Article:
It can be a tricky quest for a company: How to attract new customers without alienating the old. And in this case, “old” has kind of a double meaning.
According to Toyota, the average Avalon buyer is 66 years of age. That’s rather high for an automotive model, even a moderately priced full-size sedan like the Avalon. Which means that an obvious avenue for increasing volume would be to attract a younger audience. And that’s what Toyota has aimed to do with the redesigned 2019 Avalon, due on sale in mid May.
Certainly that means offering the latest high-tech gadgets – which may not be of much interest to older buyers and may actually turn them off – and also giving the car a trendier look – again, something that might not appeal to all generations.
Toyota has been veering off its traditionally conservative path of late by bringing out cars with what the company admits are more polarizing designs. And that continues with the new Avalon, which shows off swooping side sculpturing, a steeply raked rear window, and a huge, gaping-mouth grille, the latter a further progression – and seemingly, the final one (because, really, can it get any bigger?) – of a styling trend that began much more subtly a few years ago. Beyond that, the new Avalon is a bit longer, lower, and wider than before, with a longer wheelbase and shorter front and rear overhangs, all to give it a more aggressive look.
Although now built on the same platform as the slightly smaller midsize Camry, the Avalon rides a wheelbase nearly two inches longer and is nearly four inches longer end-to-end. The extra space provides two inches more rear legroom and an extra cubic foot of cargo area.
But whereas the Camry comes standard with a 4-cylinder engine, the Avalon comes standard with the 301-horsepower 3.5-liter V6 that is optional on the Camry. That rating is up by 33 over that of the 2018 Avalon, with an 8-speed automatic replacing a 6-speed. Carried over are Hybrid models that use a 2.5-liter four paired with an electric motor to produce a combined 215 horsepower. EPA estimates are up across the board, with the base V6 earning a 22 city/32 highway/26 combined rating, while the Hybrid comes in at 43/44/44. High-end versions of both are about 1 mpg lower.
Speaking of trim levels, the Avalon comes in four gas and three hybrid versions that are divided into “luxury” and “sport” offerings. On the luxury side are the base XLE and high-level Limited, while the Avalon’s sporty side is represented by the XSE and top-line Touring, the latter not offered as a hybrid.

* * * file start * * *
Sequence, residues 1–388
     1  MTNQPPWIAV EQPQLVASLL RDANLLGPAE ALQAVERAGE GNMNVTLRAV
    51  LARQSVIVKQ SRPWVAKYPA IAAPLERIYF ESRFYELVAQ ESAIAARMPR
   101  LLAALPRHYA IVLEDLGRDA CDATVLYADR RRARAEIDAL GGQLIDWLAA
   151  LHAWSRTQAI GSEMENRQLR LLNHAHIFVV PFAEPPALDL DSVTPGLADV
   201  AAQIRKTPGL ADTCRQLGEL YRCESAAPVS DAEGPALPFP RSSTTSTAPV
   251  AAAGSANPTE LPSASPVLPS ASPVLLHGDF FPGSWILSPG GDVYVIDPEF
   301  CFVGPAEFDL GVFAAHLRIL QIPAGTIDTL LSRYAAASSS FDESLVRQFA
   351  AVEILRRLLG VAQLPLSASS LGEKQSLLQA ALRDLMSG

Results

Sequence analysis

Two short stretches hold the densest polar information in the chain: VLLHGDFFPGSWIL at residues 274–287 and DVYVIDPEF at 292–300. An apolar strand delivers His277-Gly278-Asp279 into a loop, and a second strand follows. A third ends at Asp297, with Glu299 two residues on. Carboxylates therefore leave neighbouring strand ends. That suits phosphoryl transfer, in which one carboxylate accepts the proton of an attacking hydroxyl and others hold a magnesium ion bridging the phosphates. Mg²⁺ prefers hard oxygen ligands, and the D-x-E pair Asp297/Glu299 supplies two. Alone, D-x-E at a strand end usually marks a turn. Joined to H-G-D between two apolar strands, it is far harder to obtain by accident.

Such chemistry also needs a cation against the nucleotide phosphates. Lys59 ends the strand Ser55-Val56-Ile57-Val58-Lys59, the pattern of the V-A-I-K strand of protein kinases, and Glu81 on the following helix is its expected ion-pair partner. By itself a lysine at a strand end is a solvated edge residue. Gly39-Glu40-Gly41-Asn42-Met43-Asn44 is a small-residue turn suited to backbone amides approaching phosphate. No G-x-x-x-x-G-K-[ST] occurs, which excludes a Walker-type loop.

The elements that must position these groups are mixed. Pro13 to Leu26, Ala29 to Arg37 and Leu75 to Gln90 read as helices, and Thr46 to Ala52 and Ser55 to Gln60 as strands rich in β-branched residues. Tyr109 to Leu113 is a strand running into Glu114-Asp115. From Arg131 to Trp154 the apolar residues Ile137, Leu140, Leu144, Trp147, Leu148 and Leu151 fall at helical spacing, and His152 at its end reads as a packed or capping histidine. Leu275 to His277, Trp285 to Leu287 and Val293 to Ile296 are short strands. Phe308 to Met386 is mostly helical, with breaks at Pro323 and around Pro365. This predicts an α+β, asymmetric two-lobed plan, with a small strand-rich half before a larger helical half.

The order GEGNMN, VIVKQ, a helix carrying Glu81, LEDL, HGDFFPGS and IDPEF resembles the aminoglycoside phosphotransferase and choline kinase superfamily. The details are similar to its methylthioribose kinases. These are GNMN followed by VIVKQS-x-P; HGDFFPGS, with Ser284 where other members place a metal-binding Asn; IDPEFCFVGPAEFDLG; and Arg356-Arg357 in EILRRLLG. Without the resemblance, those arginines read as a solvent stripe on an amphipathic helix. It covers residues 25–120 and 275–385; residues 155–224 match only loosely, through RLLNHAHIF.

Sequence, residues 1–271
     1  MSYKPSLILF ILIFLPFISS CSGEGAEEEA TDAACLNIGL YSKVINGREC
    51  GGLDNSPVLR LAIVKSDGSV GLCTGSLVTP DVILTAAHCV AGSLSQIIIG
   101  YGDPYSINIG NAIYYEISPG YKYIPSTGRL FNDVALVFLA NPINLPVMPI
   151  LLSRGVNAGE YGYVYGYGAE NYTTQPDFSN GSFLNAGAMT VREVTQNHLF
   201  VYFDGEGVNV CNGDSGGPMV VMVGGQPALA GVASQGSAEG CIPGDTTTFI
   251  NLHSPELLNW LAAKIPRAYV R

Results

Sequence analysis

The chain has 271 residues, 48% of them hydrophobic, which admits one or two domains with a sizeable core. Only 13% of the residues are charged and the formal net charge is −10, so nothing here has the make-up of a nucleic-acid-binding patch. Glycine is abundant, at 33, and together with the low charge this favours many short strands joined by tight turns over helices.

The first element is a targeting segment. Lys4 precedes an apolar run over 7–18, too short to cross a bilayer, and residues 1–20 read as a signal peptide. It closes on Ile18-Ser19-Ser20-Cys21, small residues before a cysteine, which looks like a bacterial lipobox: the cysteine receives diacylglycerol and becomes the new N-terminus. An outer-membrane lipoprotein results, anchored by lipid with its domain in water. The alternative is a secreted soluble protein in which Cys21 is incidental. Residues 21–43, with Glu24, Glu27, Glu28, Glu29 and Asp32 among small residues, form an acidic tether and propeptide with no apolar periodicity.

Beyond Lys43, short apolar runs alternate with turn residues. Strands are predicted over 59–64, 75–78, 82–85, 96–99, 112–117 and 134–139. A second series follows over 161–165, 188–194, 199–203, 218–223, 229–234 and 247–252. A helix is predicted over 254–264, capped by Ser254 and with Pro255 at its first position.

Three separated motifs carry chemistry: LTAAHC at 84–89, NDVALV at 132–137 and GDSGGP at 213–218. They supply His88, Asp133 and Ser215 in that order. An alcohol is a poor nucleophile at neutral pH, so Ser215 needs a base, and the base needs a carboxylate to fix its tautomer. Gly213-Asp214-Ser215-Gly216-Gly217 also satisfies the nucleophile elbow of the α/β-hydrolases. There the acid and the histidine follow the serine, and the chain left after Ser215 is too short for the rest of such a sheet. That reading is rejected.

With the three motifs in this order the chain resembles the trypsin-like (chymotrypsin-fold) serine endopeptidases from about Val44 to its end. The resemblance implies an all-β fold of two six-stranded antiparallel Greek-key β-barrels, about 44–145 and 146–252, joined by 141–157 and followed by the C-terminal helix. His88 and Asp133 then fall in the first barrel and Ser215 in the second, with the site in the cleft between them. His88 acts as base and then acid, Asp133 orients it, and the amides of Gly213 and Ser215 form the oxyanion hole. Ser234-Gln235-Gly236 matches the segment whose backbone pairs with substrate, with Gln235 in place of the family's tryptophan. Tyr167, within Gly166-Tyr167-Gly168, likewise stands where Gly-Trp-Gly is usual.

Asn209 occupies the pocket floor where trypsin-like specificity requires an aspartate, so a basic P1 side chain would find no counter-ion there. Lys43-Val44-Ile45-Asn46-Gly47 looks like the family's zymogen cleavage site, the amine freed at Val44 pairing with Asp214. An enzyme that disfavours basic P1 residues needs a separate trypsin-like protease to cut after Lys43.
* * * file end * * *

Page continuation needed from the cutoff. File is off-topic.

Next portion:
As the base XLE starts at $36,395 including destination, it comes very well equipped. This notably includes Apple CarPlay – new for Avalon and oddly absent from many Toyota models – along with Remote Connect with Amazon Alexa car-to-house and house-to-car connectivity. Both are part of Avalon’s standard Entune 3.0 audio system with 9-inch touchscreen, which also incorporates satellite radio, WiFi, Entune App Suite, and Toyota Connected Services. Other standards include LED headlights and tail lights, heated front seats, 8-way power front seats with driver-seat lumbar adjustment, auto-dimming rearview mirror with compass and Homelink, and keyless access and starting. Standard safety items include Toyota’s Safety Sense P suite of high-tech safety features encompassing forward collision warning and mitigation with pedestrian detection, lane-departure warning and mitigation, adaptive cruise control, and automatic high beams, along with blind-spot and rear-cross-traffic alert. Options include a moonroof, navigation system, and Qi wireless charging.
Added on the $42,695 Limited are sequential turn signals, 18-inch chrome wheels, moonroof, navigation system, genuine wood interior trim, 10-inch color head-up display, leather upholstery, ventilated front seats, 4-way power lumbar adjustment for both driver and front passenger seats, driver-seat memory, heated power-adjustable steering wheel, and Qi wireless charging. Options include rear-cross-traffic automatic braking and a 360-degree camera.
Switching over to the “sport” side is the base XSE ($38,895), which adds to the base XLE quad chrome exhaust tips, 19-inch wheels (vs. XLE’s 17s), paddle shifters, power moonroof, Qi wireless charging, Ultrasuede seat inserts, and aluminum interior trim to replace the XLE’s woodgrain.